Why Zambia’s Kwacha is the World’s Best-Performing Currency

A 50,000 Kwacha note is seen in Lusaka, Zambia.
A man displays a 50,000 Kwacha note in Lusaka, Zambia, January 23, 2012. Zambia's currency has undergone a remarkable turnaround in recent months, thanks to improving Chinese economic data and increasing copper prices. Mackson Wasamunu/Reuters

It’s been quite a year for Zambia’s currency.

The kwacha fell 42 percent against the U.S. dollar in 2015, ranking as the world’s third worst-performing currency. But that has all changed in the first four months of 2016, with Zambia’s currency currently ranked as the best-performing currency in the world, climbing 19.9 percent, according to Bloomberg.

This places it ahead of the Russian ruble, the Brazilian real and even precious metals like silver and gold. So what’s changed?

According to the Zambian government of President Edgar Lungu, it’s their clever policy-making. The country’s finance minister, Alexander Chikwanda, said on Thursday that the kwacha’s appreciation was down to government interventions in the economy, such as a review of fuel subsidies, the state-owned Zambia National Broadcasting Corporation reported.

But according to Irmgard Erasmus, Zambia expert at South Africa-based NKC African Economics, the situation is more complex. Zambia’s economy was hit in 2015 by an economic slowdown in China, its second-largest export partner. Zambia wasn’t alone in feeling the effects of the Chinese downturn—China’s Customs Office reported that exports to China from across Africa fell by 40 percent in 2015.

What really hurt Zambia was the reduced demand for copper. Zambia accounts for 70 percent of Africa’s total copper production and the metal, which is widely used in wiring and electrical devices, makes up 60 percent of Zambia’s exports. Copper prices fell to their lowest levels in six years in November 2015 and Chinese demand in particular dropped, as Beijing poured more efforts into domestic production rather than imports.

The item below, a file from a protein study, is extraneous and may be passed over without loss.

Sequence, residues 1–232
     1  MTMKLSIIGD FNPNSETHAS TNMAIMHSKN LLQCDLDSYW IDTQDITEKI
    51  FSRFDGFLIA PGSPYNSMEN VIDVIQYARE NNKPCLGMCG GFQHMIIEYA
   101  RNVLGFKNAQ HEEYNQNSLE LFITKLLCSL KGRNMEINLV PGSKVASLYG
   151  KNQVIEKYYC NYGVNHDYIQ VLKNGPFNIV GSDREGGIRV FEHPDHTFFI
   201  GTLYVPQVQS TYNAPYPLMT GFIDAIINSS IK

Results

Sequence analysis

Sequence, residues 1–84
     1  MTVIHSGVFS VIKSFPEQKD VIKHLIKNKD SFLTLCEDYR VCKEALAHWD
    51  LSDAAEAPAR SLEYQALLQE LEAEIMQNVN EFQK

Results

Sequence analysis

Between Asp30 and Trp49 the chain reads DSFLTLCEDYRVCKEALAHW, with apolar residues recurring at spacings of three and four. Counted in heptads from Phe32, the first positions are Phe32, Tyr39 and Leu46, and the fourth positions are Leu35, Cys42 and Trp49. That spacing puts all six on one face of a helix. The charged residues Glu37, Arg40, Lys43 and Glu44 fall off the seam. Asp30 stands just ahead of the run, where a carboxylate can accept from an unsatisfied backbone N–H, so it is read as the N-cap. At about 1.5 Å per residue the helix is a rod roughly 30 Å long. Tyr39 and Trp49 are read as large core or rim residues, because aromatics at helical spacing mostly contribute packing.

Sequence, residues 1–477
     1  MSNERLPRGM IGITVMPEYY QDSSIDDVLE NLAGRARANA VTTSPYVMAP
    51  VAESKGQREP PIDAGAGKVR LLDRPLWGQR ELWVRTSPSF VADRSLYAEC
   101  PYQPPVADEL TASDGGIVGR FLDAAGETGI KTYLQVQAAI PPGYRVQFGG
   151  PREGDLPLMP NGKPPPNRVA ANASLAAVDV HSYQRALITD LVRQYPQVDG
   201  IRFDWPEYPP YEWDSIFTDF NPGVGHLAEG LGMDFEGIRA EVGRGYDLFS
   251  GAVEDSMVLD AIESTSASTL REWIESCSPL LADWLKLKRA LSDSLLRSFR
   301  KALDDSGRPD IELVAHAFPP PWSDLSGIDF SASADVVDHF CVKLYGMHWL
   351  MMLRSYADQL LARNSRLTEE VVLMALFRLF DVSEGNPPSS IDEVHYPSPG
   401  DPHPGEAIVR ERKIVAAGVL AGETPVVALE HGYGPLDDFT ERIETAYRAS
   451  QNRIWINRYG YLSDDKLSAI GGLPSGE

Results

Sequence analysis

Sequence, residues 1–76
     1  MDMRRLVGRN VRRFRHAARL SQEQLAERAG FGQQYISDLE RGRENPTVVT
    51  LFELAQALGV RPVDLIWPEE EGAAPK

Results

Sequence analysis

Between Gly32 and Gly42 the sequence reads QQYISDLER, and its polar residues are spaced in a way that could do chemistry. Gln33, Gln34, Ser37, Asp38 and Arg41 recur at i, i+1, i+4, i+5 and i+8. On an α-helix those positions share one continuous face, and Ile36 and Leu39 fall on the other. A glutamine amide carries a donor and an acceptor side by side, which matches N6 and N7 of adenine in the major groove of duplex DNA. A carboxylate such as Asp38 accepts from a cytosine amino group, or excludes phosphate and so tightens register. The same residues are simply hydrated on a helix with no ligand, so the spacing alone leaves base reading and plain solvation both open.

Shipments of copper are predicted to shrink by 10 percent in 2016, according to Stephen Huang, chief executive officer of Chinese trading house Arc Resources Co., one of the country’s largest copper buyers, Bloomberg reported.

The start of 2016 has been a different story, however, with copper prices rising 11 percent after hitting a seven-year low in January. Erasmus says the currency has also been boosted by positive trade data coming out of China—Beijing’s exports rose 11.5 percent from a year earlier in March, the first increase since June 2015. Also aiding the kwacha are seasonal factors, such as domestic tax obligations being due. The improvement in the kwacha’s value has been so much that some Zambian firms have converted dollars to the domestic currency so as not to miss out on the swing, according to Erasmus.

Despite such signs of recovery, however, the Zambian economy still faces significant challenges. Zambia is carrying a massive budget deficit of 8.1 percent of GDP and spends around $660 million per year on fuel subsidies and electricity imports, according to the International Monetary Fund (IMF).

“We do not see value in the kwacha [even] given this rally. There’s a lot of factors pointing towards kwacha weakness towards the middle of the year,” says Erasmus. She predicts that the forthcoming general elections—which are due to take place in August—could have an impact on the currency, although which direction that is in remains to be seen.

Perhaps the end of 2016 would be a better time to assess whether the kwacha’s rally was a flash in the pan or whether the currency’s rebound is here to stay.